The parents of 3-year-old Jazmyn Parkyn are speaking out after their daughter nearly died from Meningitis B. Their goal is to get the strain of the virus on the immunization list covered by the Australian government. Currently, vaccines are available but they cost $300, according to ABC News. 
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When Jazmyn initially became ill, Sarah and Aaron Parkyn weren't too concerned. Her siblings were just recovering from the flu. The next morning, Jazmyn's legs were bothering her and a a rash had appeared on her legs. 


Sarah decided she'd take her daughter to the doctor just to be safe. That proved to be a life-saving decision. Upon examination, the doctor discovered a small dot on her chest, and a second mark appeared while she was at the doctor. The doctor sent her to the hospital for monitoring, according to ABC. 

Within hours Jazmyn's condition deteriorated so much that she had to be air-lifted to the intensive care unit at the Adelaide Women's and Children's Hospital. 


"It is only due to a mother's intuition and knowledge of her kids, and the amazing doctor that detected the slight symptoms and reacted with immediate action that contributed to Jazmyn being alive today ..." Sarah wrote on a Facebook page she set up to chronicle Jazmyn's journey.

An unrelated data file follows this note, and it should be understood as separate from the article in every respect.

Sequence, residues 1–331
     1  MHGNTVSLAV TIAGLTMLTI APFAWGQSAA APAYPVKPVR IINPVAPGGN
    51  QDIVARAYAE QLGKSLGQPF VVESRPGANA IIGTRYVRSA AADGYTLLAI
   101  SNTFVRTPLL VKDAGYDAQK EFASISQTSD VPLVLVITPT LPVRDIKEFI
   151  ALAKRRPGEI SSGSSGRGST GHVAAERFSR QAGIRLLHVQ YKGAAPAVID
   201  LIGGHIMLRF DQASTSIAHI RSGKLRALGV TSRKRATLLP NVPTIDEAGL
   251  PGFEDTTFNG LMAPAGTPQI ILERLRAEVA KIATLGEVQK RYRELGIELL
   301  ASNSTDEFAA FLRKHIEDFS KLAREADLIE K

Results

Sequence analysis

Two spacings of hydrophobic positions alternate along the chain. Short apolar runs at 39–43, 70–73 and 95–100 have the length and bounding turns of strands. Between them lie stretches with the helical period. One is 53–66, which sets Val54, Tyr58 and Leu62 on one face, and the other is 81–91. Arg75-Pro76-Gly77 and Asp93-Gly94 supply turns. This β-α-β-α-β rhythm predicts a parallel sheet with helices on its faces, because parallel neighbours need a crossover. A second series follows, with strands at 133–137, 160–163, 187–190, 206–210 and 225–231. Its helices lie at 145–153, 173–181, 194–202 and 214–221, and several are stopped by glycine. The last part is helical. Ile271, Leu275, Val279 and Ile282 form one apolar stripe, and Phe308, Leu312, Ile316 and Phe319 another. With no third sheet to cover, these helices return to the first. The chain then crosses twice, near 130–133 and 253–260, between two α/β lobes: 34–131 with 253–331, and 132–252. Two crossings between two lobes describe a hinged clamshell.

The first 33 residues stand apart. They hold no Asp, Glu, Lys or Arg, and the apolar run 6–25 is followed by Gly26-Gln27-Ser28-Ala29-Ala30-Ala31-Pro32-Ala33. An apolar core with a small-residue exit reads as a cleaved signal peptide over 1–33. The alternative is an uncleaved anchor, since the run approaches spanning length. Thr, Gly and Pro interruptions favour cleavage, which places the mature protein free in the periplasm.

The disease can cause scarring, brain injury, deafness or the amputation of hands or legs. It kills between 10 and 15 percent of patients who contract the illness, according to the National Meningitis Association.  


Jazmyn spent four weeks in the hospital recovering from the disease. This year, she underwent plastic surgery to remove scarring and aid in her recovery, according to Jazmyn's Meningococcal B Journey. 

A petition started by the family to add the vaccine to the National Immunization Register received almost 3,500 signatures and passed through the Parliamentary Petitions Committee. 

Symptoms of the disease are very similar to the flu and include stomach and leg pain, fever and rash.